“Of course. Let’s start with the value of your business. I’d like to know more. After all, before I buy a piece of property, I do my research. Sometimes months go by before the paperwork is drawn. I see no reason why our deal should be any different.”
“Then you should know that requests for any personal details will bring an end to our negotiations immediately.”
Eric waved his hands dismissively. “You misunderstand me. I have no interest in what hides behind the name you chose to show the streets. Your past is a closely guarded secret.” He smiled. “And therefore of greater value to any who might actually know it.” Eric had no idea who the man was, but he pretended he did. After all, if he could unnerve the guy, it might give him an advantage.
The Spyder didn’t seem to buy his bluff. “You know my terms. What is it you wish to know?”
“I’m sure you’ve heard of the assassination of Stryker.”
“Sounds like the title of a bad chick lit movie.” He shrugged. “I’d have to be deaf and blind not to notice. I see that Delta’s spinning its tires to figure out the meaning of it all.”
“Do you know anything about the assassin?”
“That’s information. I’ll need something in exchange?”
Despite himself, Eric’s lip twitched in annoyance. “If you have no information, I fail to see why I should pay the fee.”
Spyder gave that smarmy smile again. Eric’s attempt to control the situation wasn’t going well. “When you buy a box of pills from the pharmacy, you trust that the pills are in the box; because who cares if they work or not if they’re not there? I don’t do bad business, Mr. Herrington. Let’s see what you have to offer, and we can continue. Rest assured, if I don’t have the answers you are looking for, you’ll be reciprocated.”
Eric didn’t like it, but he figured he needed to give him something. “Our analysis of the scene show that the man was entirely and intentionally unremarkable. Even a post-cog scan of the place revealed no details of the assassin. He—or she, if we are to show due equality of the sexes—was a complete professional, cleaning the place thoroughly. The shot was at a distance that would provide a challenge for anyone untrained as a sniper, yet close enough that even the marksmanship itself was not overly notable.”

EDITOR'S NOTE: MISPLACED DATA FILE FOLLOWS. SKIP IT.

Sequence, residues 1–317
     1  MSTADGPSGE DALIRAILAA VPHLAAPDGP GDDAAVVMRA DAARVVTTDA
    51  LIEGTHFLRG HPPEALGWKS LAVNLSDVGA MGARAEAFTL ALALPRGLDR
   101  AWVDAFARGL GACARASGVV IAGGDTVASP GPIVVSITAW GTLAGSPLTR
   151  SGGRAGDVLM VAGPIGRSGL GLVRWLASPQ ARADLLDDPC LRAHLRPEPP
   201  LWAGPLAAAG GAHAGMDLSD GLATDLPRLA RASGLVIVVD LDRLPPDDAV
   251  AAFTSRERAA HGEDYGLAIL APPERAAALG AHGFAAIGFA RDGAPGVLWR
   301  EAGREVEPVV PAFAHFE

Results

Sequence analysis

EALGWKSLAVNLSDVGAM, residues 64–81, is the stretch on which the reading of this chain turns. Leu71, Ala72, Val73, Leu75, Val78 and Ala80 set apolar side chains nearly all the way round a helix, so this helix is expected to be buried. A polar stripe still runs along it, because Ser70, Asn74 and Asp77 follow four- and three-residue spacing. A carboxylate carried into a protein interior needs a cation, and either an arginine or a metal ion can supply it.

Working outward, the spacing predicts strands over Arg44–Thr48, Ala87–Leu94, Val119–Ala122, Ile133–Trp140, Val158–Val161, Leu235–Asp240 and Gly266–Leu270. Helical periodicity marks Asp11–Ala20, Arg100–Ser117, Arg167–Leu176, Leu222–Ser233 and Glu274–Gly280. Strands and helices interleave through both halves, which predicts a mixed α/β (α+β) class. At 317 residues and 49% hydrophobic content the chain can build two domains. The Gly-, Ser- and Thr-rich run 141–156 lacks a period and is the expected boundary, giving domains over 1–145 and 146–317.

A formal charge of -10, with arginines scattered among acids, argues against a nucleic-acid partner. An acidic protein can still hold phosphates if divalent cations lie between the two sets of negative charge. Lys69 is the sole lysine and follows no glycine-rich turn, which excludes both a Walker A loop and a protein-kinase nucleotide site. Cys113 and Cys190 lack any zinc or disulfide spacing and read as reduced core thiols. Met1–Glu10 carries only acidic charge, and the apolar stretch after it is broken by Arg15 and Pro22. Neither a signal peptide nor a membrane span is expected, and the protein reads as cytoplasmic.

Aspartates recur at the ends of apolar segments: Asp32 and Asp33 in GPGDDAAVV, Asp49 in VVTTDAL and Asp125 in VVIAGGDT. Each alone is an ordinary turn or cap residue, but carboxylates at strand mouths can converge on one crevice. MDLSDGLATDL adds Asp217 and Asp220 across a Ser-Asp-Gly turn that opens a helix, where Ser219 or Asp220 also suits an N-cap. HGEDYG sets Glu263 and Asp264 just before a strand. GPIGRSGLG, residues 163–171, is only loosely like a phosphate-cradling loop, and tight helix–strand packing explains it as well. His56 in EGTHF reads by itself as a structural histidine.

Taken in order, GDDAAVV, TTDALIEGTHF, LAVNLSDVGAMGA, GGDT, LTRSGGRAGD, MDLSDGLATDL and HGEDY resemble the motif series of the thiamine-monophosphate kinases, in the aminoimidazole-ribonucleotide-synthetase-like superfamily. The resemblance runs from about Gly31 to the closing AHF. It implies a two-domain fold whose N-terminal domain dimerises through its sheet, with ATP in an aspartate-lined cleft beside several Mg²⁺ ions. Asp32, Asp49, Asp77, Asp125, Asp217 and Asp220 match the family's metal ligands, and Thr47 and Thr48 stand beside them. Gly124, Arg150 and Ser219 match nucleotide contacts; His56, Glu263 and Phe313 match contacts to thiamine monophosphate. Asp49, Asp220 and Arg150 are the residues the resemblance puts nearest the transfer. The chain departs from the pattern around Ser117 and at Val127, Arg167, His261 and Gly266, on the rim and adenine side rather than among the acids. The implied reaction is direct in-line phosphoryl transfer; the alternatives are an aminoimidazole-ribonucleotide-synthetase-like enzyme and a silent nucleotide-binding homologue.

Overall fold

“So in other words, you don’t have a damn clue about your culprit.”
Eric shrugged. “Absence of evidence is not evidence of absence. What we know about the killer should be enough for me to know if you’ve got any information or not.”
He chuckled. “Indeed. As it happens, I know nothing about your assassin.”
That actually surprised Eric a little. “Among your entire network not one of your informants saw or heard anything? I was quite certain you had your eyes everywhere.”
When the Spyder hesitated to answer, Eric realized he finally had something of an advantage. It was his turn to give that deprecating chuckle. “If you’ll pardon a momentary science lesson, let me ask you: how do we know of the existence of black holes? Not because we can see them, certainly, but because we can’t. It is pure nothing.” He paused to let that sink in. “You’ve got a black hole in your information network, Spyder. Furthermore…I know why. So let me ask you…what is that information worth to you?”
The Spyder regarded him for a moment. “It’s not Solstice. They’re as baffled by this as you are. They haven’t the faintest idea how it was done. You’re just lucky your Mister X got to the bullet as fast as he did, or they’d be able to reverse engineer your fancy sonic scream that’s evidently brickhead’s weakness.” Eric stiffened at the insulting epithet for Stryker. “Oh, I’m sorry. The flying brickhead.”
Eric thought about that for a moment. Well, that was one suspect down. That was a bit of a relief, anyway. It meant they could focus on Fae involvement. Especially since it seemed their influence was more widespread than he first thought.
“What I’m about to tell you will seem like a crazy fantasy at best, but I assure you it’s true. There are creatures that live in this world that call themselves the Shadow Fae. They’re…not exactly from around here.” He held up his hand. “I am telling the truth, Stryker. After all, I know the necessities of quality of product as well. These creatures often take the image of small children. They have the ability to disguise themselves within the minds of others. They’ve even been known to fool technology. Frankly, the only reason why we generally know they exist is because they want us to.
“Infiltrating your information network would be…if you’ll pardon the pun…child’s play. They are masters of deception. And if they don’t want you to know something…then you won’t.”
The Spyder was quiet. “How does one counter such things?”
“You don’t. You get the hell out of dodge.”